Now, I didn’t see everything. At an average of thirteen films per day, there was no way I was going to. I’m not a morning person, so 6am start times were out of the question. I missed viewing M (1931) again, except for the impassioned climax, or seeing JOHNNY BELINDA (1948) or ROADBLOCK (1951). I also discovered I can only watch about five noir films per day, and they’d better all be in English. (If in foreign languages, then it’s about three.) It’s both the style and the content. It’s an overload of doom and despair. 

Usually, it’s as Ramsay Bolton would say-- “If you think this has a happy ending, you haven’t been paying attention.” Frequently, it’s not the unhappy ending you expect.

There was also an online film course to go with TCM’s Summer of Darkness. I found out about it too late, signed up about mid-way through the film schedule then had company come. I’ve got some of the prompts for discussions that came be email. Perhaps they’ll inspire future blogs.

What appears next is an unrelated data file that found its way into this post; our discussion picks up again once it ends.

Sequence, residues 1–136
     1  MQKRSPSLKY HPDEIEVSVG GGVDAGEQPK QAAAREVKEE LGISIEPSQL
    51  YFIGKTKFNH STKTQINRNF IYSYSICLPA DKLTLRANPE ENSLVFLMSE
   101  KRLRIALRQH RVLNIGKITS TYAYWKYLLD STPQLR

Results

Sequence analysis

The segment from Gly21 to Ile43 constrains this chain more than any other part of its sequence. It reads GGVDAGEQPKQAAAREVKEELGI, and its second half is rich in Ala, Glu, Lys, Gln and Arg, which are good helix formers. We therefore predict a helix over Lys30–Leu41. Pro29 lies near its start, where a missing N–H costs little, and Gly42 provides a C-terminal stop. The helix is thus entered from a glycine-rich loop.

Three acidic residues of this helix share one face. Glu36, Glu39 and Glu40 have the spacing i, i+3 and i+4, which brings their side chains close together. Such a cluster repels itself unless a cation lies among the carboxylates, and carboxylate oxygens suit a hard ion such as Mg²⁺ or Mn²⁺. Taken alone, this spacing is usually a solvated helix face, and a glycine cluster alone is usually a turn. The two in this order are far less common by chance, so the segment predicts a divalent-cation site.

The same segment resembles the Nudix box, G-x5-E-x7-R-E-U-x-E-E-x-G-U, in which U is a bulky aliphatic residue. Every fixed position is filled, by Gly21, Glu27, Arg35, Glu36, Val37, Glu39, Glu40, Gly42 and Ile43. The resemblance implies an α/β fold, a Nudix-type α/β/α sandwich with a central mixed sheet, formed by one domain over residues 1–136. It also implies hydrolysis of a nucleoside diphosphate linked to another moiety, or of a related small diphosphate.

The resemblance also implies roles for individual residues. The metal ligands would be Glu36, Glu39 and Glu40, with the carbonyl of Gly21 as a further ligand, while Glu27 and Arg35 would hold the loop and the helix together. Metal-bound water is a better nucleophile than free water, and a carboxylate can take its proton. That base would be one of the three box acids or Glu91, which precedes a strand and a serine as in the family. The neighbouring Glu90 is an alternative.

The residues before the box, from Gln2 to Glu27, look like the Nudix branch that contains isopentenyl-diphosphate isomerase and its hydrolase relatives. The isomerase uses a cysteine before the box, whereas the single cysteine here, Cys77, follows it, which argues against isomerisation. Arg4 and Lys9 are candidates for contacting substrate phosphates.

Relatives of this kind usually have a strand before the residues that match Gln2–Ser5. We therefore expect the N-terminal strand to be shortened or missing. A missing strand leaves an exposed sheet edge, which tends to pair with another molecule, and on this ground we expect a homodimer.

Although M (1931), which was a German film directed by Fritz Lang and staring Peter Lorre, began the series, most of the films were American and made during the heyday of noir, the postwar 40s through the mid-fifties. Certainly, the schedule included what is called “noir avant la lettre”, and LA BÊTE HUMAINE (1938), directed by Jean Renoir and starring Jean Gabin, fits that bill. Great film--and it’s going to make me read Zola’s novel of the same name. There were also a couple of neo-noirs in the bill, like L. A. CONFIDENTIAL (1997), based on the James Ellroy novel, or THIEF (1981) or BLUE VELVET (1986). Most of the films in this summer indulgence in noir were made during the classic period for this style, with only a few noirs made after 1956. By that point both the new medium of TV and new social obsessions, like the Cold War and nuclear bombs, had kicked in.